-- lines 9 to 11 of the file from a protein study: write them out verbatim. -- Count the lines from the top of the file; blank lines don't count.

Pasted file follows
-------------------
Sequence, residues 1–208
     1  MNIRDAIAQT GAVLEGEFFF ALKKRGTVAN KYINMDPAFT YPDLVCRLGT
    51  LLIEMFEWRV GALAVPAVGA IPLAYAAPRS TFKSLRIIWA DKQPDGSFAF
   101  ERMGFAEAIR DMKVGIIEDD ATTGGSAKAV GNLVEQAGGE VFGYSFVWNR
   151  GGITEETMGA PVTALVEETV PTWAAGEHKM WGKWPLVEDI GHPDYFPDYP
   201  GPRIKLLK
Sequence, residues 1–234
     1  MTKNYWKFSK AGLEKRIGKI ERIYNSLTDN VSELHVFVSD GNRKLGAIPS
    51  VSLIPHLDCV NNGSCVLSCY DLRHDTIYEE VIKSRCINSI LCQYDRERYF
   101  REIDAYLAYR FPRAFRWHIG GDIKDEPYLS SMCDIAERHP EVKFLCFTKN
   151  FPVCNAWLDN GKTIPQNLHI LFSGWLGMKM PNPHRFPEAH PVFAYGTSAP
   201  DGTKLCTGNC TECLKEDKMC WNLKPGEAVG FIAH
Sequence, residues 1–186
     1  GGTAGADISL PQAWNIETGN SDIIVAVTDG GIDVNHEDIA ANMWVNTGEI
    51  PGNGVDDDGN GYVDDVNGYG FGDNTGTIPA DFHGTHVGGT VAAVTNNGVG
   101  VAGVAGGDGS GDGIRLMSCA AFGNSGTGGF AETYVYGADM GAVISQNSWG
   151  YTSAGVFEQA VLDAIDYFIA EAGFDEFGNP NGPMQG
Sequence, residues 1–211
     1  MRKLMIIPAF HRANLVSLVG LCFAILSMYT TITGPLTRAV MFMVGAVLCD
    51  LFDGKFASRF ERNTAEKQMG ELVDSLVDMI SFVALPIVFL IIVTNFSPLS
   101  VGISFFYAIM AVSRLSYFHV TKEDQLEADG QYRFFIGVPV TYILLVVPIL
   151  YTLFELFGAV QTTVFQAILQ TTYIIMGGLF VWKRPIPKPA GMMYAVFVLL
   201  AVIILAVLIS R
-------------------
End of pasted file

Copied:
    51  VSLIPHLDCV NNGSCVLSCY DLRHDTIYEE VIKSRCINSI LCQYDRERYF
   101  REIDAYLAYR FPRAFRWHIG GDIKDEPYLS SMCDIAERHP EVKFLCFTKN
   151  FPVCNAWLDN GKTIPQNLHI LFSGWLGMKM PNPHRFPEAH PVFAYGTSAP